I'd say that Japan shouldn't be afraid to take risks again and live like it's the 1990s/1980s again, but with wisdom about what not to do. This is why I hold that era so close to me still; even if lightning does not strike twice in the same place, once you know what electricity is, nothing can stop you once you have its spirit. As a historian and cultural anthropologist on things anime, and knowing its course of global impact, if Japan wanted to make waves again with anime, nothing would stop it. They would be able to pay everyone under their company roof ten times over if they dared to risk things and know where to step.
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Nakurawari



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PostPosted: Fri Jan 12, 2018 5:04 am Reply with quote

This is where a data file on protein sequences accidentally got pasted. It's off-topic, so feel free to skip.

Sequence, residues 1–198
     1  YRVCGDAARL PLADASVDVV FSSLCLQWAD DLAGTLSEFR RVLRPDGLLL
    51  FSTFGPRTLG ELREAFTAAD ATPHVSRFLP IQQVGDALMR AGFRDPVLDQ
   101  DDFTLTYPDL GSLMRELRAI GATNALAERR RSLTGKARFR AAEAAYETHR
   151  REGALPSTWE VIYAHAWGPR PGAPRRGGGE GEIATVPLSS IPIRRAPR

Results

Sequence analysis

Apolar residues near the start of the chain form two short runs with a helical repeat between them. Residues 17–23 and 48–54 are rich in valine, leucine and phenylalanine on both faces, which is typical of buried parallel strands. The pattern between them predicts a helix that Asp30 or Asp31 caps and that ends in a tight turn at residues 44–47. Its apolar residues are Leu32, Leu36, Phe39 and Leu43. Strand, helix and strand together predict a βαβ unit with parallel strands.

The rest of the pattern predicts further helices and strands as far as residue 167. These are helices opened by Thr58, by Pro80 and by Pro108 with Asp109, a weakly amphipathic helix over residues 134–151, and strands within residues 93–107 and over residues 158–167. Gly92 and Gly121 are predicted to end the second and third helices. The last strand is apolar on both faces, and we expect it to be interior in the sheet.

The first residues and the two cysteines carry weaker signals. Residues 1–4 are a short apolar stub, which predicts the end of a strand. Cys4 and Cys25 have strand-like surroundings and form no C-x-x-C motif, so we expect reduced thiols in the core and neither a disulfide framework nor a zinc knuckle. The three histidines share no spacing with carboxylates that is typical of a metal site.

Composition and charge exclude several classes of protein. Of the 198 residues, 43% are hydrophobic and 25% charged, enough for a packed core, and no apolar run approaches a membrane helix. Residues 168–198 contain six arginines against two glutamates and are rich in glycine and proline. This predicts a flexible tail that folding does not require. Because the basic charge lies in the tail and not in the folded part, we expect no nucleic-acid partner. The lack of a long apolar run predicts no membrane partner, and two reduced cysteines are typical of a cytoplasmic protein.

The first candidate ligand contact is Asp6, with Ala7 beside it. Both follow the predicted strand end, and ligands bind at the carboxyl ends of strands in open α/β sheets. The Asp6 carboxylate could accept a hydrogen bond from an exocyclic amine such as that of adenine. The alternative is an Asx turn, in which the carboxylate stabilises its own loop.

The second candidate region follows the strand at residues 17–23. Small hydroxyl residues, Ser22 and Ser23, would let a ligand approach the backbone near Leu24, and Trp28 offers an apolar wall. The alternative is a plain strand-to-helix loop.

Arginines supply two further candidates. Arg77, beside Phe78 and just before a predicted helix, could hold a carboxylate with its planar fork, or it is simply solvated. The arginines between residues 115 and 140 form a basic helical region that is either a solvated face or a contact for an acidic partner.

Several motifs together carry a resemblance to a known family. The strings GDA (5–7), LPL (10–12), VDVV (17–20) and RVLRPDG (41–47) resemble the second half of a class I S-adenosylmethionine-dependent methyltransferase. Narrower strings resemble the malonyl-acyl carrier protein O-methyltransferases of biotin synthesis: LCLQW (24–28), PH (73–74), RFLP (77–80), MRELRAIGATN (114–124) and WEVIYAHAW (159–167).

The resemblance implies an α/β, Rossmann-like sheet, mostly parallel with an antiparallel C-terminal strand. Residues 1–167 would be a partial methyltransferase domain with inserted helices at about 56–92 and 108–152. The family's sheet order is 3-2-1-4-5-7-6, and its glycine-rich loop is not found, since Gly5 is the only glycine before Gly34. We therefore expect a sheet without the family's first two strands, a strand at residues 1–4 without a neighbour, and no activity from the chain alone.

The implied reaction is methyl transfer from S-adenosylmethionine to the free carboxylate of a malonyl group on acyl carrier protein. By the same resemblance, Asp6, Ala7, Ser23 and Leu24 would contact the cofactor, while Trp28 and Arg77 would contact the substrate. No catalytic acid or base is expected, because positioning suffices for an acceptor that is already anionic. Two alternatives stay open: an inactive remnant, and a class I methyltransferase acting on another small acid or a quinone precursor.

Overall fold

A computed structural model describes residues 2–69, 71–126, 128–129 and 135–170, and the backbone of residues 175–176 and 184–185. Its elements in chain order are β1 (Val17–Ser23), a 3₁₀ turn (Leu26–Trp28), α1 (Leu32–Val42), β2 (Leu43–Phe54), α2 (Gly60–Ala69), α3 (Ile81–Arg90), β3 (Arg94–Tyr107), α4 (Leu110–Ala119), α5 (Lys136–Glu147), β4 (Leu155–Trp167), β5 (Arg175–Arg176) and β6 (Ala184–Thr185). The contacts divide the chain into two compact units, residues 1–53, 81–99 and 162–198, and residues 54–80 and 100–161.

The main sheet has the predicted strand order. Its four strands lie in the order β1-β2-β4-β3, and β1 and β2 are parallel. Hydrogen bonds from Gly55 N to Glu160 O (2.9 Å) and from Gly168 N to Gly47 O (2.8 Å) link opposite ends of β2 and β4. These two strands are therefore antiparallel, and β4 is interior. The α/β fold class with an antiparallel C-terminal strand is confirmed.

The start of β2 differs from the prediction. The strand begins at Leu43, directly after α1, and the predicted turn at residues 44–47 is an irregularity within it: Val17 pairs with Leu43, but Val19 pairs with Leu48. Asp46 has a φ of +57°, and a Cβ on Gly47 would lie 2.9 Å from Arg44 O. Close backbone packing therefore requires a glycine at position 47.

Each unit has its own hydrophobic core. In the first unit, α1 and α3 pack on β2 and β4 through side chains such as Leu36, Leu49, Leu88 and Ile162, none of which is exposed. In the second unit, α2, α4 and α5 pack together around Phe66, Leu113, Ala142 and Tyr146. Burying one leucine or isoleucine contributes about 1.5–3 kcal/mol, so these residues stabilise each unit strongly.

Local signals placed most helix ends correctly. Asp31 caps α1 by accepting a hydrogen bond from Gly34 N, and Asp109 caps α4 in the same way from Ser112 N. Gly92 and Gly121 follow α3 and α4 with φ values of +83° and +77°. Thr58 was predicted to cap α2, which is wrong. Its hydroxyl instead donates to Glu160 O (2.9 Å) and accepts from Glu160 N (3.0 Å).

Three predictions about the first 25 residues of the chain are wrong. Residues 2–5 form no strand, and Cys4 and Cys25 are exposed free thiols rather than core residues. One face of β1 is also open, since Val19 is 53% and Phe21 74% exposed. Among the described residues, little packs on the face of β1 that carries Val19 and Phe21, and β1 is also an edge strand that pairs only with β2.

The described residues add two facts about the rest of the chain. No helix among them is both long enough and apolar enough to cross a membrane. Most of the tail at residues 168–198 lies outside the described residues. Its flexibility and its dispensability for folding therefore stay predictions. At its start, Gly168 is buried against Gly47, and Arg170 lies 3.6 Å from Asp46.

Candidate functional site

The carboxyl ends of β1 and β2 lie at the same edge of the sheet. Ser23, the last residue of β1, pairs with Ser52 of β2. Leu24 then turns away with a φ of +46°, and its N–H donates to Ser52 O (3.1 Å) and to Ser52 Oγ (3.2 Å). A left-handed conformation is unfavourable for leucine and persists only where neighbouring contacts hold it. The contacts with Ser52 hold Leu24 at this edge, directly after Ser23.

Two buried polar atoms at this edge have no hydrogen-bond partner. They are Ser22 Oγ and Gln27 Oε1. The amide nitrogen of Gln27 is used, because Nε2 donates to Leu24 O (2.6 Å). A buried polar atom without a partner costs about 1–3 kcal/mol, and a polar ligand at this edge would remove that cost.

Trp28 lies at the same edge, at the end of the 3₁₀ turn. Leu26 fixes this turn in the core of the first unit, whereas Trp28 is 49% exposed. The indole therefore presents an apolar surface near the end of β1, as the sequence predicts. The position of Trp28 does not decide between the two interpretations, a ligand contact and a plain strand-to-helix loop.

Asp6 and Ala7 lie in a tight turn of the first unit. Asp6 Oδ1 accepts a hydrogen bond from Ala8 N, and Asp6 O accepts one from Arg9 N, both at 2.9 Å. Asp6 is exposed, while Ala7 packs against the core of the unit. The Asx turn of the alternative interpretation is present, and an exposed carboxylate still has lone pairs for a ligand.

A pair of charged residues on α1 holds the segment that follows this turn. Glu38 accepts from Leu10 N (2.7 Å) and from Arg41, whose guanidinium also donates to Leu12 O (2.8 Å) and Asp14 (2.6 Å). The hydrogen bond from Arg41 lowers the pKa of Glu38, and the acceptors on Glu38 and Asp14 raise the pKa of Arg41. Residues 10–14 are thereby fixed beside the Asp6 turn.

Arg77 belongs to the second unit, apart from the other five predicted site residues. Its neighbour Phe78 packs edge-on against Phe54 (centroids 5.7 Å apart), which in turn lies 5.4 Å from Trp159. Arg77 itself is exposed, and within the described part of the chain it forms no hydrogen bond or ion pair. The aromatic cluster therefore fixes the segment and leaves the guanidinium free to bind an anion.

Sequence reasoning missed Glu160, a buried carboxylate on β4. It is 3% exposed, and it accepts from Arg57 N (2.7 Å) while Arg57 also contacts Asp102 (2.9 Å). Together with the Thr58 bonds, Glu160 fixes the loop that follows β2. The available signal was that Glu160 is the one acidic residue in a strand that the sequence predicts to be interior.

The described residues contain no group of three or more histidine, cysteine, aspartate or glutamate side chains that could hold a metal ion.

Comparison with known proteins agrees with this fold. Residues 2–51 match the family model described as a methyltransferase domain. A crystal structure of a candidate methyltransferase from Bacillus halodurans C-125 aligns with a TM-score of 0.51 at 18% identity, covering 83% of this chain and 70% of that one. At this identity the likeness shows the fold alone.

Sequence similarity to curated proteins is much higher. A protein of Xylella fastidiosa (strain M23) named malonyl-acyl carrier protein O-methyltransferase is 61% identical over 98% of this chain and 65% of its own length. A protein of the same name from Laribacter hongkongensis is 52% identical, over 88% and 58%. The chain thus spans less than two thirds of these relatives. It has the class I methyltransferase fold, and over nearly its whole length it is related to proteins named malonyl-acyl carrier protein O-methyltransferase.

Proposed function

leafy sea dragon wrote:
What I mean is that his lack of assistants take a great toll on his health, which in turn forces him to take long hiatuses. If he was willing to divide his work more efficiently, he might not tire out so easily.

What is your source that you're using to suggest Togashi no longer uses assistants?
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Juno016



Joined: 09 Jan 2012
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PostPosted: Fri Jan 12, 2018 9:28 am Reply with quote
I like CLAMP's model, where they are designated as a team, even if Ohkawa-sensei is considered the leader. If I ever make it to the industry myself, I'd rather be part of a circle than a manga artist with their own name.